Google recently folded TalkBack, their mobile screen reader, into a larger collection of accessibility services called the Android Accessibility Suite. It works best with Mobile Chrome. While many Android apps are notoriously inaccessible, it is still worth testing on this platform. Android’s growing presence in emerging markets, as well as increasing internet use amongst elderly and lower-income demographics, should give pause for consideration.
If you do not require the use of assistive technology on a frequent basis then you do not fully understand how the people who do interact with the web.
Much like traditional user testing, being too close to the thing you created may cloud your judgment. Empathy exercises are a good way to become aware of the problem space, but you should not use yourself as a litmus test for whether the entire experience is truly accessible. You are not the expert.
If your product serves a huge population of users, if its core base of users trends towards having a higher probability of disability conditions (specialized product, elderly populations, foreign language speakers, etc.), and/or if it is required to be compliant by law, I would strongly encourage allocating a portion of your budget for testing by people with disabilities.
“At what point does your organisation stop supporting a browser in terms of % usage? 18% of the global pop. have an #Accessibility requirement, 2% people have a colour vision deficient. But you consider 2% IE usage support more important? Support everyone be inclusive.”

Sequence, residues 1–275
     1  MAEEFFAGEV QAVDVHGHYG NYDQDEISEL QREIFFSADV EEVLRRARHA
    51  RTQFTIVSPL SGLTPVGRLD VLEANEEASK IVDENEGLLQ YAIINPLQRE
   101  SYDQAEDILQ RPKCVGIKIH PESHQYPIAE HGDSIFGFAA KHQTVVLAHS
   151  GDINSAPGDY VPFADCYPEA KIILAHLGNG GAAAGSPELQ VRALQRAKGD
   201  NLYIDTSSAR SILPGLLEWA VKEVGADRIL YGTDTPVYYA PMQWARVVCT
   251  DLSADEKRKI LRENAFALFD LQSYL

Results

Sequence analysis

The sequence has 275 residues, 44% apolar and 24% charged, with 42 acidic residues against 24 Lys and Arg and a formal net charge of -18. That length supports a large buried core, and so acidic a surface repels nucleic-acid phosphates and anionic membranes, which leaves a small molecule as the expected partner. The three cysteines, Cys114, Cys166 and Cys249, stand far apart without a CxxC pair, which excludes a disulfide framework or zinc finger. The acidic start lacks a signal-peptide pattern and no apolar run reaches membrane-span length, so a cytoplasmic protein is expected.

This isn’t to say you should completely delegate the responsibility to these testers. Much as how automated accessibility testing can detect smaller issues to remove, a first round of basic manual testing helps professional testers focus their efforts on the complicated interactions you need an expert’s opinion on. In addition to optimizing the value of their time, it helps to get you more comfortable triaging. It is also a professional courtesy, plain and simple.
There are a few companies that perform manual testing by people with disabilities:
We also need to acknowledge the other large barrier to accessible sites that can’t be automated away: poor user experience.
User experience can make or break a product. Your code can compile perfectly, your time to first paint can be lightning quick, and your Webpack setup can be beyond reproach. All this is irrelevant if the end result is unusable. User experience encompasses all users, including those who navigate with the aid of assistive technology.
If a person cannot operate your website or web app, they’ll abandon it and not think twice. If they are forced to use your site to get a service unavailable by other means, there’s a growing precedent for taking legal action (and rightly so).
As a discipline, user experience can be roughly divided into two parts: how something looks and how it behaves They’re intrinsically interlinked concepts — work on either may affect both. While accessible design is a topic unto itself, there are some big-picture things we can keep in mind when approaching accessible user experiences from a testing perspective:
How It Looks
The WCAG does a great job covering a lot of the basics of good design. Color contrast, font size, user-facing state: a lot of these things can be targeted by automation. What you should pay attention to is all the atomic, difficult to quantify bits that compound to create your designs. Things like the words you choose, the fonts you use to display them, the spacing between things, affordances for interaction, the way you handle your breakpoints, etc.